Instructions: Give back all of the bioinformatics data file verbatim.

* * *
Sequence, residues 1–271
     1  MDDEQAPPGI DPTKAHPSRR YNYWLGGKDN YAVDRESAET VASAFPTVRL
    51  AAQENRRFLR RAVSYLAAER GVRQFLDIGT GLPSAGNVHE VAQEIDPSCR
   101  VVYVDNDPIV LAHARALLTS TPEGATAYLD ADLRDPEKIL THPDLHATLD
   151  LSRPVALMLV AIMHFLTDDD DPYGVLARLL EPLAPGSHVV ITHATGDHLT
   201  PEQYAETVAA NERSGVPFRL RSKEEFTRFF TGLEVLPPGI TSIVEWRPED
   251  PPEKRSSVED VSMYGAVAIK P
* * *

Sequence, residues 1–271
     1  MDDEQAPPGI DPTKAHPSRR YNYWLGGKDN YAVDRESAET VASAFPTVRL
    51  AAQENRRFLR RAVSYLAAER GVRQFLDIGT GLPSAGNVHE VAQEIDPSCR
   101  VVYVDNDPIV LAHARALLTS TPEGATAYLD ADLRDPEKIL THPDLHATLD
   151  LSRPVALMLV AIMHFLTDDD DPYGVLARLL EPLAPGSHVV ITHATGDHLT
   201  PEQYAETVAA NERSGVPFRL RSKEEFTRFF TGLEVLPPGI TSIVEWRPED
   251  PPEKRSSVED VSMYGAVAIK P